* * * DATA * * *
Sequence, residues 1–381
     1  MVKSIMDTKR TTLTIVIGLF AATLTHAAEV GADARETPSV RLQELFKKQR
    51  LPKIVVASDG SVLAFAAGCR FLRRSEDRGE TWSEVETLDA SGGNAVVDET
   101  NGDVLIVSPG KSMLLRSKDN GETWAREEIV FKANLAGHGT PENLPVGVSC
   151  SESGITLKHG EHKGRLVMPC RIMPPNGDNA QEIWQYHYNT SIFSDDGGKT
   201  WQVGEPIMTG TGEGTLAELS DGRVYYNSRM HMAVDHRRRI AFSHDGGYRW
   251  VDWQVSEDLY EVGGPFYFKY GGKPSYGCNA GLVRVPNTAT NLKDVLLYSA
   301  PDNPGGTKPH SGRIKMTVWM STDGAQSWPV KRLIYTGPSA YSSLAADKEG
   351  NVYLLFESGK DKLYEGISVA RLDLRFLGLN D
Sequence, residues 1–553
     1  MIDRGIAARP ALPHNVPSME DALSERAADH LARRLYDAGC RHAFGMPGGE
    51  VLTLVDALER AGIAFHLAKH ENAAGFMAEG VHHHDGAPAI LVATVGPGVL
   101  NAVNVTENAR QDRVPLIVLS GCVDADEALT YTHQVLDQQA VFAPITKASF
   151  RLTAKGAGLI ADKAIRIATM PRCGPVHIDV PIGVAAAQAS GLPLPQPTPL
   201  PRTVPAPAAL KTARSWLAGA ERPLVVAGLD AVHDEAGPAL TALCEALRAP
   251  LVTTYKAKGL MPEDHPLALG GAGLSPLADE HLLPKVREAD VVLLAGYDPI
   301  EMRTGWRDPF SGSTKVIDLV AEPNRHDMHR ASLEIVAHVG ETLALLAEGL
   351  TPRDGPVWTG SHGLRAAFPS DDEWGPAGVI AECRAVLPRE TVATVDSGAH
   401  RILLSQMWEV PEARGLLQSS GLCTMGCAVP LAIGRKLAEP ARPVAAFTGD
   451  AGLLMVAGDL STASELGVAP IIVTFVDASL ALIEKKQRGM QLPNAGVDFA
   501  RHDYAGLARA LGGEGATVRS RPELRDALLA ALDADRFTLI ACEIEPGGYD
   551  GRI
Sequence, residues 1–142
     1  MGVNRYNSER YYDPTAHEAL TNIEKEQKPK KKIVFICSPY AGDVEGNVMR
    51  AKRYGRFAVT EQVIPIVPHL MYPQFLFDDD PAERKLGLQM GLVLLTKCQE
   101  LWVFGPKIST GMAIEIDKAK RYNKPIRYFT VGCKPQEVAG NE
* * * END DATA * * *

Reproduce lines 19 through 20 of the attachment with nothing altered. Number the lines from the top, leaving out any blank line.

   401  RILLSQMWEV PEARGLLQSS GLCTMGCAVP LAIGRKLAEP ARPVAAFTGD
   451  AGLLMVAGDL STASELGVAP IIVTFVDASL ALIEKKQRGM QLPNAGVDFA